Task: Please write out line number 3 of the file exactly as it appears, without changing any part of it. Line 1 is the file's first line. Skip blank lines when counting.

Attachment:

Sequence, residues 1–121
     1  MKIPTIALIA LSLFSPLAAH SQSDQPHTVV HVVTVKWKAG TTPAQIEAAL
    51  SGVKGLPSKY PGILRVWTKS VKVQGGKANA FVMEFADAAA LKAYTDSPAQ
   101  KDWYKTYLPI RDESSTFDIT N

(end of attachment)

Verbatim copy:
    51  SGVKGLPSKY PGILRVWTKS VKVQGGKANA FVMEFADAAA LKAYTDSPAQ